On October 7, I didn’t spiral. Like all Jews, the last seven weeks have been torturous to live through. But had October 7 happened a few years ago, I would have now been in the mud, clawing my way through a deep depression, trying to find a reason to live. Years ago, the slightest hiccup in life would send me spiraling into an abyss of darkness, unable to function in my day to day life. Now, amidst the worst atrocities in modern Jewish history, I stand loud and proud with my people, soldiering on. Despite the pain, uncertainty and heart wrenching moments in my life, I stand tall, feet firmly grounded, with God by my side cheering me on.
Over a decade ago, I thought my life was over. I had given up on myself, God, Judaism and the world. The life I was living had no meaning to me and I no longer wanted any part in it. Growing up was tough for me. I now understand that I was raised with childhood emotional neglect, which I interpreted as how Hasidic Judaism was for everyone. I was raised with strict religious standards I didn’t want, value or care for. I was taught to fear God, stay on the straight and narrow or wind up in hell. Being Jewish felt like a curse, an unwanted burden that I was forced to carry. I despised my people, my land, my religion and even God. I dumped it all and ran with the wind. Life was smooth sailing until a wave would hit, leaving me gasping for air, trying to regain my footing. The smallest things would send me spiraling out of control, back to rock bottom, starting the journey over again. I suppose you can say I am a fighter since I always climbed back to the peak. (Funny enough, I love hiking to peaks in real life!) At the summit, I would enjoy the breathtaking views, until another wind that knocked me out.
And so it went, up and down, again and again. Every time I fell, I would try some new therapy, treatment or return to what helped me in the past. But, the spiral was always looming ahead. I joined Makom, a branch of Jew in the City for former and questioning Hasidic Jews looking for a positive connection to Judaism. I did discover so many new and positive parts of my heritage and my community through Makom. But the spiraling always came back. That is, until I was introduced to the idea of inner child work, a concept of parenting the hurting child parts of yourself to achieve wholeness. As a Makom member, I developed a close relationship with Allison Josephs from Jew in the City. She’s the one who first mentioned this concept to me. I was surprised to never have heard about it. After almost a decade of psychiatric/psychological treatment and therapy, this was completely new to me.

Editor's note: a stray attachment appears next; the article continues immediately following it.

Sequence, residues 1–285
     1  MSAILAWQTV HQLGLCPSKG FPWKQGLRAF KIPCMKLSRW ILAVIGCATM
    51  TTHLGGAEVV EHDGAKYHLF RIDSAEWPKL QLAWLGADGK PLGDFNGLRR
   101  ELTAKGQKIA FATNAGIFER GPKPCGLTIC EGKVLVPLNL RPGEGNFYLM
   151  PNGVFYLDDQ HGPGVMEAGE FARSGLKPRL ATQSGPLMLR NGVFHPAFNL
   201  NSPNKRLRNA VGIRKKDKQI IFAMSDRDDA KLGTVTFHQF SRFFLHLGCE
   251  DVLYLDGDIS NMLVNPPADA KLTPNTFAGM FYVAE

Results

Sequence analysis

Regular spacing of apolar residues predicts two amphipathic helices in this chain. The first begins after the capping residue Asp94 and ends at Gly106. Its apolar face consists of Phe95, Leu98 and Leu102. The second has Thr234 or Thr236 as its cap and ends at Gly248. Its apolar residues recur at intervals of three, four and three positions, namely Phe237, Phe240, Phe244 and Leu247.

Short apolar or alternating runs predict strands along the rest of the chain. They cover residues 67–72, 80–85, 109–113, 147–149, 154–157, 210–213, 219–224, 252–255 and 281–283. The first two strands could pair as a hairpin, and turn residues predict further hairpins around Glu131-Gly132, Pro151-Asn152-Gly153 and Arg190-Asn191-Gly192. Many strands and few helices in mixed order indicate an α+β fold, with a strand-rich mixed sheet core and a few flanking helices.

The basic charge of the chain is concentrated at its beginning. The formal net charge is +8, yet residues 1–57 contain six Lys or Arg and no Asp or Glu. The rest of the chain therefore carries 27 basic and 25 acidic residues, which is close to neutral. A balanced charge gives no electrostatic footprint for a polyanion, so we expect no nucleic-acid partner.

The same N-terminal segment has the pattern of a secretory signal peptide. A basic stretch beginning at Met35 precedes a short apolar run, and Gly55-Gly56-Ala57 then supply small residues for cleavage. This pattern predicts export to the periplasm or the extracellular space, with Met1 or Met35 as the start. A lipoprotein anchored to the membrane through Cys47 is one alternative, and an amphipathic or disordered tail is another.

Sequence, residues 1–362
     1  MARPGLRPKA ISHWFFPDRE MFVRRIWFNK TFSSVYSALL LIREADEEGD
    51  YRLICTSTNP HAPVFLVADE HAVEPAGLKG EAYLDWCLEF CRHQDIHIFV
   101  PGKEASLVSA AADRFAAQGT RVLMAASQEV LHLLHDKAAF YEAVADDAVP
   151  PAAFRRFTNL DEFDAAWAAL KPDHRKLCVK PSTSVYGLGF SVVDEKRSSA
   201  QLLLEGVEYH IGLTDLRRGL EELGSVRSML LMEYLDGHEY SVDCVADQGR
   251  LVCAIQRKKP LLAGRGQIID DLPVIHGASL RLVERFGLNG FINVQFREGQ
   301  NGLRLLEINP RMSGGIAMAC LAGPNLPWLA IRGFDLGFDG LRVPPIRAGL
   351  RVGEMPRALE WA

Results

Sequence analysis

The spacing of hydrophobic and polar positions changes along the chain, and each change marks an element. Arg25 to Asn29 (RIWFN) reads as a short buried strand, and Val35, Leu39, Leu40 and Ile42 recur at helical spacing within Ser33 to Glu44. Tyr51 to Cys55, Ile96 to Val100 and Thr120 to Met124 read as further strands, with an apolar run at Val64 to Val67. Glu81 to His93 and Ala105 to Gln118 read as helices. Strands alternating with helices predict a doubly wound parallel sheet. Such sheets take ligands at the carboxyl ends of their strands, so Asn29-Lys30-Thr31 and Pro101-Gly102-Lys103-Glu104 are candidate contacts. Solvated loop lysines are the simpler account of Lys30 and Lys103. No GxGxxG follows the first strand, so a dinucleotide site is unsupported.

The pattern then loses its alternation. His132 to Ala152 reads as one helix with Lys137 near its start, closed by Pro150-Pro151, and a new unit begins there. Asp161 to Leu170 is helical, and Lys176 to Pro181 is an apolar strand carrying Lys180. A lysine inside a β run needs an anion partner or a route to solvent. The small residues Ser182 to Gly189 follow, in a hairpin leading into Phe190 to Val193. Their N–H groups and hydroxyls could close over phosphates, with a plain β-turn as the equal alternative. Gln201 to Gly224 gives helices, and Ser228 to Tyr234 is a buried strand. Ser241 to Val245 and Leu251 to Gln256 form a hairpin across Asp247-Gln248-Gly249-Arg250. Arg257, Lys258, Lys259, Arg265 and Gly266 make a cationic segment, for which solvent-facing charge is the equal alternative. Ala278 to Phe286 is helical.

So I dug in, head first! And boy did I need to dig deep! Through this work, I have uncovered excruciating hidden pain that has been buried for years. Memories I didn’t know existed emerged, its ugly claws scraping my insides. I had to confront the devil face to face. But this time it was different. With inner child work, comes “Good Mother Messages” — the messages every child needs to hear or feel from their attachment figure. The messages Allison discovered are spread throughout Jewish sources, when God speaks to us. They are, “I see you, you can rest in me, you can turn to me for help, I delight in you,” and more.
I learned how to parent and nurture myself through my pain and devastation. I learned how to say “I love you” and “I’m always here for you” — words I never heard growing up — and sit with my hurt. Then, I hit gold! One evening, while sobbing through a particularly rough memory, I had a moment where I felt God embracing me and telling me those “Good Mother” messages Himself.
As clear as day, I could feel His love, support and unconditional care. I reached out and held on tight. I leaned in, relishing in the comfort of His arms, internalizing His words. “I’m glad you’re here”, “I love you”, “Your needs are important to me” and “You can rest in me.” Over and over I heard these words. My heart felt complete, a balm to my soul. These are the words I’ve never heard and so badly needed to hear. Hearing it from God healed a part of me I didn’t realize was so broken. It helped me tap into my deepest hurt and heal from the inside out.
This groundbreaking inner child work coupled with my newfound connection with God has given me a new lease on life. I can now access God and His love and comfort whenever I need it. When my life gets tough and I feel like I’m breaking, I now have the ability to sit with the pain, comfort myself or turn to God for help. I am my own anchor, bringing myself to shore when the tide comes in. God and those nurturing messages are the pillars that keep me strong amidst the roughness.
To be a Jew in a post October 7 world is excruciatingly painful. But thanks to Jew in the City’s Makom branch, I can now sit with my pain as my God holds me. And that has made all the difference. Jew in the City is having its Annual Campaign now. Please support their lifesaving work.